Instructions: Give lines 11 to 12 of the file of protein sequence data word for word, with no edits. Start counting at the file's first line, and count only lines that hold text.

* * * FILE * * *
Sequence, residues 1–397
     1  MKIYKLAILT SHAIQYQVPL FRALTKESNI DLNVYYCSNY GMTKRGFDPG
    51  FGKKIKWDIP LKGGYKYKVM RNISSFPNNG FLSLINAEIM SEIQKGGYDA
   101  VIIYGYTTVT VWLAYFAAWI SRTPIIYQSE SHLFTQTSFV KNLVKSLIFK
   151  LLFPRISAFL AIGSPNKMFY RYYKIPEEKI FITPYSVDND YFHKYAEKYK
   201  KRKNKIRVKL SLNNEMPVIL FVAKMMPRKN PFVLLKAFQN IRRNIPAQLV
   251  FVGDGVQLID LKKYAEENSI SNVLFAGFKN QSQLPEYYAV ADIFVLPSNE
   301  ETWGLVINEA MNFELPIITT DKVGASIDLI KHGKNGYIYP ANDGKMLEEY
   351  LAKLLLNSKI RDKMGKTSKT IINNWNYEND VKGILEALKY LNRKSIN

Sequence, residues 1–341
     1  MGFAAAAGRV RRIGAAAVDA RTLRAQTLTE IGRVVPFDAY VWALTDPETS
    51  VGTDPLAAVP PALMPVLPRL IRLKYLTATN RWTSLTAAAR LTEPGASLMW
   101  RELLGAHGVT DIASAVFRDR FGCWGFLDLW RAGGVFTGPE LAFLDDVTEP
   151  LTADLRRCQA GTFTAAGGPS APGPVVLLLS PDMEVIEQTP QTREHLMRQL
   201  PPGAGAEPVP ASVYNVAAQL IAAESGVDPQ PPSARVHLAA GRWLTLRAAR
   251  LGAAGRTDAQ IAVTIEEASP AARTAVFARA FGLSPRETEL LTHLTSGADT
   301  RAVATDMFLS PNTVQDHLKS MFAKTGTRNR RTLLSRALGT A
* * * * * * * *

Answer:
     1  MGFAAAAGRV RRIGAAAVDA RTLRAQTLTE IGRVVPFDAY VWALTDPETS
    51  VGTDPLAAVP PALMPVLPRL IRLKYLTATN RWTSLTAAAR LTEPGASLMW